26 September 2012
As individual port states begin imposing their own national ballast water treatment rules, Gearbulk and many other ship owners are concerned about a patchwork of compliance regimes. They fear these regimes will overtake the International Maritime Organisation's efforts to standardise ballast water treatment requirements.
"Gearbulk is closely monitoring all environmental regulation developments, and as always, our objective is to exceed compliance mandates," explained Sjur Gjerde, Managing Director of Gearbulk Norway which manages Gearbulk's owned fleet.
IMO is expected to introduce an International Convention for the Control and Management of Ships' Ballast Water and Sediments within the next couple of years. Phase I requires ballast water exchange in deep water. Phase 2 will require the treatment of ballast water to ensure that the number and size of living organisms in the ballast water are within prescribed limits.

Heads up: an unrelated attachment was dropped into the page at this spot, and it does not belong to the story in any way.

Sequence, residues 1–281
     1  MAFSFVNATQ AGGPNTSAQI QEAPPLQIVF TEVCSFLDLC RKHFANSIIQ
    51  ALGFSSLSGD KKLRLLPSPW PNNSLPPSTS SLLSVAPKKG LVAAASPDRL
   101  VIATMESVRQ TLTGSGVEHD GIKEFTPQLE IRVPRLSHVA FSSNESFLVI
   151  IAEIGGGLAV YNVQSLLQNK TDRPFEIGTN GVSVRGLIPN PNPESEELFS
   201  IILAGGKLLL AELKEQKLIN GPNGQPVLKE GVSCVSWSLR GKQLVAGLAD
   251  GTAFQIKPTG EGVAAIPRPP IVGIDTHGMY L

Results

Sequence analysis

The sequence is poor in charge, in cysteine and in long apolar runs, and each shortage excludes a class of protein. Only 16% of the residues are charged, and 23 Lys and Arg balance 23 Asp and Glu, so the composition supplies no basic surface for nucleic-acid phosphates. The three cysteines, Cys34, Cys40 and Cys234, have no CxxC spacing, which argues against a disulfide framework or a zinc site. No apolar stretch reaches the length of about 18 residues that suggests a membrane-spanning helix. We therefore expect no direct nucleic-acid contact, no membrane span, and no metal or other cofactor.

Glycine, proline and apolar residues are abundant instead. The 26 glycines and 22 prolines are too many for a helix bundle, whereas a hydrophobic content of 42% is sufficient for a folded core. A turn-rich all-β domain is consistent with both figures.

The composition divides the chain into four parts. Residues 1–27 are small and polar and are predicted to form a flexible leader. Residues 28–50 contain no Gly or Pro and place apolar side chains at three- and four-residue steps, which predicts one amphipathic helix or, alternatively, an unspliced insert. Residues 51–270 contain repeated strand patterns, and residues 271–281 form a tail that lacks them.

Mr Gjerde discussed these issues today as a member of the opening panel at Informa Maritime's second annual Green Ship Technology Asia conference in Singapore.
"Over the last two years we have evaluated many ballast water treatment systems in anticipation of the IMO's international convention. This is a costly undertaking," Mr Gjerde said. "We are concerned that when the IMO's final requirements are enacted, they will not be stringent enough to meet individual national standards, for example in the US.
"It is important that the IMO regulations are ratified including the implementation time line. If the IMO process is further delayed and the shipping industry is perceived to be dragging its feet, we can expect to see more unilateral port state regulations being imposed."